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Jack (Philip Seymour Hoffman) is a meek, mild and closed-off guy that doesn’t really ask for much from others, so therefore, he never gets asked of much in return. He’s sort of just there, without really bringing anything to the table or to the world, even though he does have a pretty fine job as a limo driver. Through mutual friends, Jack gets set-up with a woman who is a little bit of the same as him (Amy Ryan), although a tad more scared of a human-connection, which she apparently has a dark history about. Together, they meet, they hit it off and Jack suddenly becomes interested in cooking, being a better guy and even learning how to boat, so that he can take him and his girl out on it. On the other hand, we have Jack’s best buddy, Clyde (John Ortiz), who is having a bit of his own lady problems; except in his case, it’s his long-term wife, Lucy (Daphne Rubin-Vega). All four do spend time together, hang out, eat food, get drunk and try to have fun, but eventually, problems do begin to arise for both couples and lead to some very sad, very upsetting truths being unearthed.
Usually when an actor goes to make that jump from being in front of the screen, to trying their hand at the back of it, most of the time, they tend to go for the small, sweet and simple stories that aren’t that big, or ambitious to pull-off well with a lot of skill. All they need is just a simple idea of how to handle a camera, and basically, just know how to film a movie, of which most actors-turned-directors have a clear idea of. Or at least they should have.
So, that’s why when Philip Seymour Hoffman decided that he wanted to try and shake things up a bit with his own career and get behind the action, it seemed like a no-brainer that he’d not only adapt a play he starred in back in the day, but also not try to really reach out of his limits as a director. Which, for some directors, would be rather lame, but for him, it works in its own condensed, easy-going way.
Sure, there’s nothing here about Jack Goes Boating that’s really life-changing or revolutionary in terms of what you’ll be thinking about when it ends, but does every movie need to change your life? Especially when all it’s about is a bunch of people with some very closed-off personalities who just so happen to know one another, and talk and fall in love? Yeah, I don’t think so and I have to give Hoffman at least credit for not really trying to over-step his boundaries as a director. If it was somebody like Scorsese, or Spielberg, or even Spike Lee behind the mantel, then yeah, I’d be a little ticked-off and disappointed considering I usually expected them to make something, out of anything, no matter how small or large; but as for Hoffman – the guy never over-steps anything that’s given to him. Instead, he just focuses on our four characters and gives them a chance to show us why they deserve to be looked at, thought about and discussed.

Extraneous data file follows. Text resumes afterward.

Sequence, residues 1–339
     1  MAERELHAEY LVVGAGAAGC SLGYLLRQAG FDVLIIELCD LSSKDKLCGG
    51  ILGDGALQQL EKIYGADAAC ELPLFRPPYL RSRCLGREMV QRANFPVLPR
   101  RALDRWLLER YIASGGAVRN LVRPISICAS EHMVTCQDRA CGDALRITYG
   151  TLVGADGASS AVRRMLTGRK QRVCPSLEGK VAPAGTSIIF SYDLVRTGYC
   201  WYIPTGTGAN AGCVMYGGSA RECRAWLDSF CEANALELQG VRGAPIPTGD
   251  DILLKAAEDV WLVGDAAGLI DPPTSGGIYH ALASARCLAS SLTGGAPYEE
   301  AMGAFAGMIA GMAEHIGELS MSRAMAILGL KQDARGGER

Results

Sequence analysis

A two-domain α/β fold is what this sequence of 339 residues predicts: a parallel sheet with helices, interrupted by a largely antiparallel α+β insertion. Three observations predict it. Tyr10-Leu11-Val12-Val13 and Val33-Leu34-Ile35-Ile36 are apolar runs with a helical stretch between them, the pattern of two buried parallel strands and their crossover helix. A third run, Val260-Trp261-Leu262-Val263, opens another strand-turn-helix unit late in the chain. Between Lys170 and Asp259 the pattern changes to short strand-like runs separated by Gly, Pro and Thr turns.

And even if you don’t go that far into your thought-process with these characters, there’s nothing all that wrong with that because each and everybody is good with their own respective roles, which is something to applaud Hoffman for in at least handing over the spotlight, on many occasions, to his supporters in this rather tiny cast. Even so though, it’s apparently clear that Hoffman really owns the screen whenever he gives himself a chance to do so, and it’s great to see him play this nervous, awkward and twitchy guy, but not done so in a way that we’ve seen him do before in something like Magnolia and Happiness (where he was a lot more creepier). Jack’s just a simple guy, who wants to impress this lady of his that he just met and practically fell head-over-heels for and we can’t help but want to see the big lug get his happiness, get the love of his life and best of all, get his boating-license. There are small goals these characters set for themselves, and just being able to watch them as they try their hardest to get to that point, truly is something worth seeing, especially in Jack’s case.